During the 1990s, Yuldashev and others traveled to Afghanistan, where they made contact with alumni of the Afghan jihad and established training camps for Uzbek militants.9 These contacts created an avenue for radicalization, and the following years saw a number of Uzbek militants pass through Afghan training camps before returning to Uzbekistan to destabilize the country. Yuldashev and Hodgiev officially formed the IMU by 1998.10 Following the formation of the IMU, Tahir Yuldashev became its political leader, or emir, while Jumabai Hodgiev became the head of its military wing and Zubair ibn Abdurahman (Abdul Rahim) became the head of its press center and an assistant to Yuldashev. The organization’s headquarters were established in Peshawar, Pakistan, but later relocated to Kabul, Afghanistan.

NB militants trained in the IMU camps in Tajikistan and abroad, mostly in Afghanistan and Pakistan. These camps formally belonged to Islamist organizations such as al-Qaeda, Harkat-ul-Ansar, Hezb-e-Islami, Harkat-ul-Mujahideen Tablighi Jamaat, the Taliban and others. However, in most cases, instructors were Uzbek Islamists affiliated with the Bin Laden network, as well as specialists from Pakistan’s ISI.11 In total, during the 1990s more than a thousand militants of the Islamic Movement of Uzbekistan received military training in training camps in these two countries.12 

Notably, creating a militia between 500 to several thousand fighters, especially including all the necessary support, clothes, equipment, and arms, poses a significant financial challenge. Accordingly, analysts presume that significant foreign funding aided in the effort.13 Thereafter, the IMU financed its activities in Central Asia, as well as in other regions, primarily through the support of international Islamist organizations and donations from wealthy members of the Uzbek diaspora in Afghanistan, Turkey and Saudi Arabia. Beginning in the mid-1990s, Uzbek Islamist opposition leaders bolstered this aid with active fundraising activities, with the aim of generating support for a powerful military-political structure.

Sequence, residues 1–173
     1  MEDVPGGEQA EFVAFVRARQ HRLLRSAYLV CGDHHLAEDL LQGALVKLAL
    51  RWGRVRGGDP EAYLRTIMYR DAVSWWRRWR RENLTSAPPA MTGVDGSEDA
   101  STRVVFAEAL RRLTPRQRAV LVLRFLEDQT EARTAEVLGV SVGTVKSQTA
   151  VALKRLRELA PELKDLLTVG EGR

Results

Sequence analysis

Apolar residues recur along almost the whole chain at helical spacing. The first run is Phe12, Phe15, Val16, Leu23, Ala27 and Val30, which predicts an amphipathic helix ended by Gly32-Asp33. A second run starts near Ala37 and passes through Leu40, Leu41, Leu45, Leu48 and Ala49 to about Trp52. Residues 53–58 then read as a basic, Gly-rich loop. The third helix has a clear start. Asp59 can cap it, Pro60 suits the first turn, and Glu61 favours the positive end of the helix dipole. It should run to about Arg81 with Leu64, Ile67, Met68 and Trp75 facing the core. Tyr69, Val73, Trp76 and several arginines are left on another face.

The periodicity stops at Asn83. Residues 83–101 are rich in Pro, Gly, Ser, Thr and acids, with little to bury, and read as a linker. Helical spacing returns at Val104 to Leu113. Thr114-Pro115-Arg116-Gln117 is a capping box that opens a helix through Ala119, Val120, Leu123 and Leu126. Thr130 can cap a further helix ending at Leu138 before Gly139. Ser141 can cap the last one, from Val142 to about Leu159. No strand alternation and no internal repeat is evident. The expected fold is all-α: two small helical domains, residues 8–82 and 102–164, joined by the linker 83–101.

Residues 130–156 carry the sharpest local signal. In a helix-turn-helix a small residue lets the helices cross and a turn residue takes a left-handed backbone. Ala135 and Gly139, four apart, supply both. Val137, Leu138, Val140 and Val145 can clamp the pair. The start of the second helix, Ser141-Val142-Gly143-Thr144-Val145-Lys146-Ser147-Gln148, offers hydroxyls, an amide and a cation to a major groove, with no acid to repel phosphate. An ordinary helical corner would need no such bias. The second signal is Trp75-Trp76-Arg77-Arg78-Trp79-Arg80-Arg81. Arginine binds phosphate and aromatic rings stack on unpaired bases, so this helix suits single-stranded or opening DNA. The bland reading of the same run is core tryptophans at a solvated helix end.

In 1999, the IMU commenced an organized insurgent campaign against the Uzbek state.14 Its strategy was not to conduct large-scale violence against Uzbekistan and Kyrgyzstan, but to seize power through terrorism, sabotage, and banditry, all meant to destabilize the country. Its armed incursions in the region continued until U.S. counterterrorist operations in Afghanistan in 2001 weakened the Taliban and al-Qaeda. The IMU also suffered heavy losses in that campaign, including the death of its leader Jumabai Hodgiev near Mazar i-Sharif in November 2001. 

The IMU survived by rebranding itself the Hizb Islami Turkestan, or the Islamic Party of Turkestan. This organization, which was led by Tahir Yuldashev, maintains the same outlook and ambitions as its precursor. Estimates of its strength vary; according to Pakistani officials, Yuldashev could command as many as 4,800 Uzbek militants, as well as "groups of Chechens, the Libyan Islamic Fighting Group, [and] Uighur militants of the East Turkestan Islamic Movement."15 The organization is currently believed to be most active in Afghanistan and parts of Pakistan. Yuldashev himself was reportedly killed in August 2009 in South Waziristan as a result of a U.S. Predator drone strike.16 His death appears to have resulted in a downturn of the group’s militant activities, with the last large-scale attack by the IMU being the September 19 2010 ambush on a convoy of government troops in the valley Kamarob of Tajikistan that killed 25 Tajik troops.17